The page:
We first went back to the wines we had enjoyed most on their own and again the Pinot Gris came out top, with the Champagne a surprising second. I liked the Peter Lehmann Semillon but Vicky found it a touch too strong. We then tried a couple of the wines by which we had been less impressed such as Wine by Spice’s Viceroy White. “I’m not sure this doesn’t make the food taste hotter” said Vicky “although the Balti wines are slightly more pleasant with food. And I didn’t like the Pink Elephant as much as I did on its own.” (I thought it stood up pretty well)
The Sauvignon Blancs performed better if we made a selection of the dishes.Vicky’s own coriander chicken, the prawns in coconut sauce and the sag aloo whose sharper, more herbal flavours were particularly good with a herbaceous 2006 Groote Post Sauvignon Blanc from South Africa.
We struggled with the reds. The sweet fruit of the La Crema Pinot Noir which Vicky had enjoyed on its own was stripped out by the food while the heat of the dishes accentuated the alcohol and tannins of the other wines. I’ve drunk red wines successfully with spicy food before but they’ve either been less tannic, cooler in temperature than the ones we tried or served with lamb-based dishes that are a natural foil for red wines such as rogan josh or marinated whole leg of lamb (raan), a combination recommended to me recently by the pubisher of Sommelier India, Reva K Singh. The Balti reds, both poor, did not improve with food.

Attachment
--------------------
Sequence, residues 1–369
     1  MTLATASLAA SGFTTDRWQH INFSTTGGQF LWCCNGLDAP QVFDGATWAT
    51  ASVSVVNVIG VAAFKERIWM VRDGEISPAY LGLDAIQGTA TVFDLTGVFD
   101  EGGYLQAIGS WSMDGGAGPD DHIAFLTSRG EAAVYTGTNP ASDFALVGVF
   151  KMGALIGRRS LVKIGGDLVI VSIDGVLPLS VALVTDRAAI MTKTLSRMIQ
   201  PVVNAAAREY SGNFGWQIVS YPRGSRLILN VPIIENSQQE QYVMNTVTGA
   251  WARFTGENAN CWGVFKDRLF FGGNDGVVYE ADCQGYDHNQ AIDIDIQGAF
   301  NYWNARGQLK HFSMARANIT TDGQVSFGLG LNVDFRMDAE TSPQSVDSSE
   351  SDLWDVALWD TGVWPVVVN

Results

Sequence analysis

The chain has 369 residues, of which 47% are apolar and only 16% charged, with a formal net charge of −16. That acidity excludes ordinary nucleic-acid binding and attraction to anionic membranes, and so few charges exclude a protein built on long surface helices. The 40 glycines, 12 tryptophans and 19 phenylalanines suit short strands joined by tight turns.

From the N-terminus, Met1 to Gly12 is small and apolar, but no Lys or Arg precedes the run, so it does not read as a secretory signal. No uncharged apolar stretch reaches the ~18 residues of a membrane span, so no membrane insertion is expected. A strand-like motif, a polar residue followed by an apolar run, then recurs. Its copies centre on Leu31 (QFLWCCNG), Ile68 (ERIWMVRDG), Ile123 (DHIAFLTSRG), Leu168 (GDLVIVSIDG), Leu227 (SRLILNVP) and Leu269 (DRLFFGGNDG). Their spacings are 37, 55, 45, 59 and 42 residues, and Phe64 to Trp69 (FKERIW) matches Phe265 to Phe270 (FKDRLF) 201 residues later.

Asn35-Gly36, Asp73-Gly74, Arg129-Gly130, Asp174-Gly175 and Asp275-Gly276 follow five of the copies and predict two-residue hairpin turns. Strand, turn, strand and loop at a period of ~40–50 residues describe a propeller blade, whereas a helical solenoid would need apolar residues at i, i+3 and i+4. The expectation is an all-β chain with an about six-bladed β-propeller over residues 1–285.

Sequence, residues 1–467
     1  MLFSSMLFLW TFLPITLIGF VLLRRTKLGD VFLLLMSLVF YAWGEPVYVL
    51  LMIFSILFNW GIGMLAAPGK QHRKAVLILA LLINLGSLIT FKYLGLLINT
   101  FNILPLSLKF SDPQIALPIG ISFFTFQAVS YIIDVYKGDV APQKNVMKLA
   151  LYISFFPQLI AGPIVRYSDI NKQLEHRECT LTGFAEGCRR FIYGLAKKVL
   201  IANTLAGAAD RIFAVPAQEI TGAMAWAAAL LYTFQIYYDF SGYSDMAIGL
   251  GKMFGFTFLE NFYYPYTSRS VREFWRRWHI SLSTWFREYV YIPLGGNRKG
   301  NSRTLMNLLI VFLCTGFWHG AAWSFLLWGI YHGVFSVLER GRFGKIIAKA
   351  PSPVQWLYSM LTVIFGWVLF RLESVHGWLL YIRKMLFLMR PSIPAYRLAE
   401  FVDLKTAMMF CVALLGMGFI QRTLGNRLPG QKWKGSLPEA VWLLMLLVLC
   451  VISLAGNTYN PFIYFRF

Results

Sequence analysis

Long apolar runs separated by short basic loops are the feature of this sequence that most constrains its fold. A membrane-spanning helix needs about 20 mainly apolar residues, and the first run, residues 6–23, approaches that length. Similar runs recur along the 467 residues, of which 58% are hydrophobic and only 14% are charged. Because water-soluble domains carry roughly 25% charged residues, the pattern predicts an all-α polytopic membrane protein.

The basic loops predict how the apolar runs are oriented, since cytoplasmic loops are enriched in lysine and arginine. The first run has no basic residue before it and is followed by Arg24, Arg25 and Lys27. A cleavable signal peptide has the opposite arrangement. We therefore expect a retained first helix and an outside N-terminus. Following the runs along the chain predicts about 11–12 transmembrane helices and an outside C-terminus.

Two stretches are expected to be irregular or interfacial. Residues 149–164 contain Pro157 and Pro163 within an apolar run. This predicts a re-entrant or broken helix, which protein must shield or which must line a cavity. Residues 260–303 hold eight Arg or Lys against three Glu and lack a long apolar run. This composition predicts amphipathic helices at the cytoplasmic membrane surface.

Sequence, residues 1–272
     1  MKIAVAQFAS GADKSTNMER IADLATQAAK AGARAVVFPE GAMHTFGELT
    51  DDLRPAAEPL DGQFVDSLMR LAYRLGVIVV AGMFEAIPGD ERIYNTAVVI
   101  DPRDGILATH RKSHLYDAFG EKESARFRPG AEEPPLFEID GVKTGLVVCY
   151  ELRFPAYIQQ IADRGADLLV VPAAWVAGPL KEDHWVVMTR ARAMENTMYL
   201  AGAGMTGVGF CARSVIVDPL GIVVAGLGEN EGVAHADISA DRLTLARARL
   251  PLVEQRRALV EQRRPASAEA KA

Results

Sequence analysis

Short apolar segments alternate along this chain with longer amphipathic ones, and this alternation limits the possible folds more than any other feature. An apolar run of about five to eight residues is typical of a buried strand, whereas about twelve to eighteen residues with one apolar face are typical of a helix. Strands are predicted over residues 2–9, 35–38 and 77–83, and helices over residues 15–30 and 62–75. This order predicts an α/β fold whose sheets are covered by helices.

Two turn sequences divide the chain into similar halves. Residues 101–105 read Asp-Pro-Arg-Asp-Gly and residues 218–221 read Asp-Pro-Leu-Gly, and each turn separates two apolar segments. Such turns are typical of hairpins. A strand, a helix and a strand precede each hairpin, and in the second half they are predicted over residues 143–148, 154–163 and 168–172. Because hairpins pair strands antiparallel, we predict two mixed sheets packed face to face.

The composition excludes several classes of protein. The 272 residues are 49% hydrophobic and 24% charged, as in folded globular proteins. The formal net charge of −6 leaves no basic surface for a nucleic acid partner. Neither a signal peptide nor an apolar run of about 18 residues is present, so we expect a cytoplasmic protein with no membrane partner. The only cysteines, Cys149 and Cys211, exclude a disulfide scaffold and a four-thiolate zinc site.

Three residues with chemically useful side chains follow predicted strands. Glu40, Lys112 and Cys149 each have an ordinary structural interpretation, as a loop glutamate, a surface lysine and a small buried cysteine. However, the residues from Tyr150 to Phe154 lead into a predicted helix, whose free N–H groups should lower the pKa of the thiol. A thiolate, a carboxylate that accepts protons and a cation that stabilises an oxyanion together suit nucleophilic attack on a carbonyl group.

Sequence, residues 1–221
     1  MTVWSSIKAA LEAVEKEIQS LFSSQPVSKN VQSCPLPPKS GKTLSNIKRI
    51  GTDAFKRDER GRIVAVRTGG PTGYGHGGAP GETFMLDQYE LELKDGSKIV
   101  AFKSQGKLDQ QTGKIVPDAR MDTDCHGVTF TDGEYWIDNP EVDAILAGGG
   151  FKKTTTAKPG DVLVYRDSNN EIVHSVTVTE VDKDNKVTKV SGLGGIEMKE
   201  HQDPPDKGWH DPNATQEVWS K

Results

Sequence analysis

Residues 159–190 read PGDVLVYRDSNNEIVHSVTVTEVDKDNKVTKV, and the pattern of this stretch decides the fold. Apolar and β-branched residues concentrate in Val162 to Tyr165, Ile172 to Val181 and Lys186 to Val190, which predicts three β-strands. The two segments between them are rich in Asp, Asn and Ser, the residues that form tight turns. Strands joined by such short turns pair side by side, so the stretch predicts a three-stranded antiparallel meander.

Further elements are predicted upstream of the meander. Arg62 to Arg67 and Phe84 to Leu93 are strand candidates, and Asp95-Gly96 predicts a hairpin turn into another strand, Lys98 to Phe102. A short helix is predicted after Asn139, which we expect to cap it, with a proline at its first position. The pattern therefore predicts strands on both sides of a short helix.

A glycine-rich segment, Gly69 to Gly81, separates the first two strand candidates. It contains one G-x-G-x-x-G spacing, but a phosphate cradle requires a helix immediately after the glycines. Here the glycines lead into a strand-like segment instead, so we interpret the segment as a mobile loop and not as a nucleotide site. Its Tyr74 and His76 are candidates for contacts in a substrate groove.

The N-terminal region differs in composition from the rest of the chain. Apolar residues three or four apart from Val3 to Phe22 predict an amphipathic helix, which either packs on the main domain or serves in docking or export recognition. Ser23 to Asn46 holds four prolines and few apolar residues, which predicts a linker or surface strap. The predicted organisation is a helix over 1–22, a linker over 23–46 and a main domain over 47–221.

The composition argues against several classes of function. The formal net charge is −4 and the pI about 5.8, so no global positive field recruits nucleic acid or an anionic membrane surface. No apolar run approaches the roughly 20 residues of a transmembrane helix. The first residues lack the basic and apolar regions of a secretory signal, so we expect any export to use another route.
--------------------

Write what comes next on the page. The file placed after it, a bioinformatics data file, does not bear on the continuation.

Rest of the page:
We also tried a Kingfisher lager which I thought worked rather better than Vicky did and a lassi which Vicky made by the simplest imaginable method of spooning 2-3 heaped tablespoons of live yoghurt into a glass of water and giving it a stir. “You can add salt and a pinch of garam masala but I quite like it plain.” It was the one drink we both finished which underlines just how refreshing it was.
So, despite the introduction of these new ‘curry friendly’ wines, the problem remains which is that the kind of wines that work with Indian food (by and large off-dry, fruity or fizzy) are not necessarily the ones wine-lovers most want to drink. That especially applies to serious reds which are either too tannic when they’re young or too fragile to cope when they’re more mature and mellow. If you want to drink a particular style of wine you’re better to adjust your meal so that certain dishes and tastes predominate, as we did with the Sauvignons, or serve it Western style, with one or two dishes at a time.
If you serve Indian food the traditional way your best bet on the basis of this tasting - and Interestingly Vicky and I agreed on the wines we enjoyed most - would be an Alsace Pinot Gris (a good choice when you eat out) a fruity rosé like Pink Elephant (good for converting beer-drinking friends to the virtues of drinking wine with spicy food), champagne - or, for a less indulgent occasion, Cava. In fact given the success of both rosé and sparkling wine a sparkling rosé might well be the answer we’re all looking for.
This article first appeared in the November 2007 issue of Decanter.